MSU Denver welcomes new provost
Alfred W. Tatum, Ph.D., is a longtime educator, advocate, literacy theorist and champion of faculty research and development.
January 14, 2021
Metropolitan State University of Denver is pleased to welcome Alfred W. Tatum, Ph.D., as the University’s new provost and vice president for Academic Affairs. Tatum brings 18 years of higher-education experience to the role and will officially join the University community March 16.
“Dr. Tatum has dedicated his career to advancing the same values and ideals that are the foundation of MSU Denver: equity, access, excellence and student success,” said President Janine Davidson, Ph.D. “He’s also proven to be a tireless faculty advocate who is deeply committed to relationship building and inclusive leadership. I am very happy to welcome him to our community.”
One of the nation’s preeminent scholars of African American boys’ literacy development, Tatum began his career as an eighth-grade teacher in Chicago after receiving his bachelor’s degree from Northern Illinois University. He later earned his doctorate from the University of Illinois at Chicago and was dean of the university’s College of Education from 2013-20. He also served as a department chair, reading-clinic director, Ph.D. program coordinator, director of graduate studies and professor. During his time in academia, Tatum has authored or co-authored three books, four major reading-and-writing programs and 77 academic papers and publications.
“I am driven by a deep moral compass to shatter inequities that interrupt positive life-outcome trajectories. That’s how I came into education,” Tatum said. “That (philosophy) has shaped my teaching, my research and my community engagement.”
Tatum has used his positions to advocate for an exceptional educational experience for undergraduate and graduate students, placing an emphasis on growing his institutions’ research infrastructure and supporting departments to develop geographically responsive programs and courses. As a leader, he also has focused on increasing faculty, staff and student diversity, improving facilities, nurturing community engagement and supporting professional and research development to move faculty through the academic ranks.
Tatum and his wife of more than 25 years will soon move to Denver. Their sons, an entrepreneur and an aerospace-engineering student at the University of Illinois, will remain in Illinois, where Tatum owns a farm. He looks forward to learning more about Denver’s culture, people and institutions.
As he prepares to join the Roadrunner family, Tatum spoke with the Early Bird about his goals, what drew him to MSU Denver and what’s on his reading list.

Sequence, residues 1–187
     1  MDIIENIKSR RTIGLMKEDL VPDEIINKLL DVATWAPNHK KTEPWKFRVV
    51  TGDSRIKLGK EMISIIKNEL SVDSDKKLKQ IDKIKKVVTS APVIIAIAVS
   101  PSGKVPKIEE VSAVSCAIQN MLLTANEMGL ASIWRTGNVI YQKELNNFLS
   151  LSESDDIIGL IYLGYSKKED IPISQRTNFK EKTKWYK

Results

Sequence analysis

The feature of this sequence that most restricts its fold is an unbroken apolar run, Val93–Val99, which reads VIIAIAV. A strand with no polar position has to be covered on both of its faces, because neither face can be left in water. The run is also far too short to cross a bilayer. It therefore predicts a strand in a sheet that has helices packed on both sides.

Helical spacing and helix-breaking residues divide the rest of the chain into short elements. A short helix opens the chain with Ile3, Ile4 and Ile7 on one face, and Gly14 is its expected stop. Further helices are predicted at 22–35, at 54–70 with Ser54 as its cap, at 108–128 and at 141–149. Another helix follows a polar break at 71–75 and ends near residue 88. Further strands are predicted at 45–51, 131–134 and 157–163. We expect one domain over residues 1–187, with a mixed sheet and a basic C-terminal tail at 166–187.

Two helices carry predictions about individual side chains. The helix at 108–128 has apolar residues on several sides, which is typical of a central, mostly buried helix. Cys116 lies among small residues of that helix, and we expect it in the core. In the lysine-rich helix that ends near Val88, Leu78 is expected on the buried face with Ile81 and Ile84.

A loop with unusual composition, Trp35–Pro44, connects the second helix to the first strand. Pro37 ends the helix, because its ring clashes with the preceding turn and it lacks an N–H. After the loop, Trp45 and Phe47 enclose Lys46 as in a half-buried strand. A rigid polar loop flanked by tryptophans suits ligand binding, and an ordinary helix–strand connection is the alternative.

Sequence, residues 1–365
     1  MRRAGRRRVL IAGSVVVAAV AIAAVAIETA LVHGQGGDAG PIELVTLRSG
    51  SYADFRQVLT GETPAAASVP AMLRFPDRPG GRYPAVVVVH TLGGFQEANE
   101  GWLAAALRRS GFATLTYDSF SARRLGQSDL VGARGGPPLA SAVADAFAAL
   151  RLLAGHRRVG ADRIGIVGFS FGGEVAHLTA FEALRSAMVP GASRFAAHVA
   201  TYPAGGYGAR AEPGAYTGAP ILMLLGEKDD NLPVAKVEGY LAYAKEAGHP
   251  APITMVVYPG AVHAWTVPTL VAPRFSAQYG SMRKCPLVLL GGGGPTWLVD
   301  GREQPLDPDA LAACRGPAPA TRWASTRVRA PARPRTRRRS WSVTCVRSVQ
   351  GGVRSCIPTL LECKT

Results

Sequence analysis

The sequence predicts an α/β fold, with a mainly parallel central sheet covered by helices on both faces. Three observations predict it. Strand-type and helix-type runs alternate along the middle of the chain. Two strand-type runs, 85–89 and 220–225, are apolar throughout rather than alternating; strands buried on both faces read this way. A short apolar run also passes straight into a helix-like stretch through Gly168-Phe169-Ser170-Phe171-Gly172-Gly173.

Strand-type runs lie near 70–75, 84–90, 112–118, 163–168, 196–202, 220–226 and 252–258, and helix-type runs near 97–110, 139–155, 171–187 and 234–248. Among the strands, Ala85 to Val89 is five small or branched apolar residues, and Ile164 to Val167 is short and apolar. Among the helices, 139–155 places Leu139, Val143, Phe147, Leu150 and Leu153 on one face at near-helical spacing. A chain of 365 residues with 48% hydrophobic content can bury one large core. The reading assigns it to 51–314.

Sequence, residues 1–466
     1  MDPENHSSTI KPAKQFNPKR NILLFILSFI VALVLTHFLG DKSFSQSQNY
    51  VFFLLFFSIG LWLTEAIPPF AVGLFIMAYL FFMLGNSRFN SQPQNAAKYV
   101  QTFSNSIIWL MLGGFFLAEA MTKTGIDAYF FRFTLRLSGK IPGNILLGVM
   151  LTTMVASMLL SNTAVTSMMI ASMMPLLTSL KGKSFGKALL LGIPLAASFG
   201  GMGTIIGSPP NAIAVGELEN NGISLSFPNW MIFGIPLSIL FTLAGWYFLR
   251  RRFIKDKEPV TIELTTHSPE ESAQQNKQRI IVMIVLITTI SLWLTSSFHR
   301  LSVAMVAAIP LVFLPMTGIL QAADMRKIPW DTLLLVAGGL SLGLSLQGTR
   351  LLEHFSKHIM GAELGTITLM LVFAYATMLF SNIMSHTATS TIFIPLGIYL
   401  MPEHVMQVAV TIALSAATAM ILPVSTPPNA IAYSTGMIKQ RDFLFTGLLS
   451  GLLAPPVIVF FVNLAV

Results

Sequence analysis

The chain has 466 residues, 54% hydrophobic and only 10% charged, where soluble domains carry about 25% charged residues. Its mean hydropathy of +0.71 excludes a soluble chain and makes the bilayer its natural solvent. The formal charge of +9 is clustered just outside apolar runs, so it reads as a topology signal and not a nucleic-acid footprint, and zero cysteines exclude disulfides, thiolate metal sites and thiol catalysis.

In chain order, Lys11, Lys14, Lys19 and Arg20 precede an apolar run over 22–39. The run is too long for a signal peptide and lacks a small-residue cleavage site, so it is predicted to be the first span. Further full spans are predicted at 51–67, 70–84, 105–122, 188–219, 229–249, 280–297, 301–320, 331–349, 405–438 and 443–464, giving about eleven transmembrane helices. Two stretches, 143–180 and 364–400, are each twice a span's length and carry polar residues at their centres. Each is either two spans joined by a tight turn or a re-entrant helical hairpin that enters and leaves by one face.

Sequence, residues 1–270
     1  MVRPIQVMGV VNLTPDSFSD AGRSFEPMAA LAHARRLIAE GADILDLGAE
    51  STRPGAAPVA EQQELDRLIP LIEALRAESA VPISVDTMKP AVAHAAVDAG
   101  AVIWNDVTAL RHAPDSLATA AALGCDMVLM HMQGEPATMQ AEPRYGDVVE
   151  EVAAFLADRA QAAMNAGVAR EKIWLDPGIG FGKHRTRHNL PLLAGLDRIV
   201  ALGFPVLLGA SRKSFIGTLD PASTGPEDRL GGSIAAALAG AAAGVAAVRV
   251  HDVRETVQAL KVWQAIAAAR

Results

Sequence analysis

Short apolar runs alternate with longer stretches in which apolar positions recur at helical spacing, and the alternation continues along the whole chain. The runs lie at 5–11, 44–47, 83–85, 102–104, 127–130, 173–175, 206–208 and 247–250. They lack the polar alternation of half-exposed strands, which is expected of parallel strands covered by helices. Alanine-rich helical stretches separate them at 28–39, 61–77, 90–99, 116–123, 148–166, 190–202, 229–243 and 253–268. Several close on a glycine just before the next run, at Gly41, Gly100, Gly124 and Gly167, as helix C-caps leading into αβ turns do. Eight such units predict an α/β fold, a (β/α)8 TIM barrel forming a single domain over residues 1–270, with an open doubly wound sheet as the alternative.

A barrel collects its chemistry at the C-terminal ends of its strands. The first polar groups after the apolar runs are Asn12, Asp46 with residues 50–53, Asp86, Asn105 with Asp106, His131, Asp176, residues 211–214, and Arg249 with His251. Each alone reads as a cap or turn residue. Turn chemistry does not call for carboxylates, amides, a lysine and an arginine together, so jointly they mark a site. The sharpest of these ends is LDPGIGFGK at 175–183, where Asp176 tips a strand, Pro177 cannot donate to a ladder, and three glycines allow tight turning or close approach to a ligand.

Early Bird: What excited you about the provost position and about MSU Denver?
Tatum: I became attracted to MSU Denver because of its unbending commitment to equity, diversity, inclusion … and uncompromising focus on excellence. I have a great deal of kinship with that mission.
MSU Denver also appears to have the right algorithm: to exercise good for our broader humanity and to support individuals to achieve their supreme aspirations. I look forward to being a part of that. I’m excited to become a “Roadrunner on the Move” to inspire all within MSU Denver to serve ends larger than themselves. I think this is how we collectively “Reimagine Possible.”
Early Bird: What do you want to accomplish in your first six months at MSU Denver?
Tatum: I have to become familiar with the (University’s) culture. I want to be an unassailable advocate for the faculty. I want to make sure we pay attention to an exceptional educational experience for students, and ultimately I want to work closely with President Janine Davidson, Ph.D., to catalyze the clearly articulated goals in the 2030 Strategic Plan.
Early Bird: How will your background as a literacy theorist and pragmatist enhance your leadership as provost?
Tatum: I am intellectually curious. I am excited to wrestle with new ideas. That is really the hallmark of supporting faculty and students. My goal is to celebrate and advance the scholarship of the faculty while ensuring that we have a powerful academic infrastructure. I found that whether it’s elementary education or higher education, if we create environments of great consequence, our students will appreciate our efforts.
Early Bird: As a literacy expert and advocate, what is on your reading list?
Tatum: I read a minimum of 5 pounds of books per month. Initially, I used an actual scale to weigh them, but over time I’ve gotten an idea of what 5 pounds feels like. Last month, I read about algorithms and facial profiling. This month, it’s sports autobiographies and Nobel Prize-winning authors. I have been struck by “The Afternoon of a Writer” by Peter Handke, and I just read “A Different Way to Win” by Dan Rooney. It’s a business text that has huge implications for how we think about diversity, equity and inclusion in higher education.
Topics: Academics, Arrivals and departures, Hiring, Inclusive leadership, President DavidsonEdit this page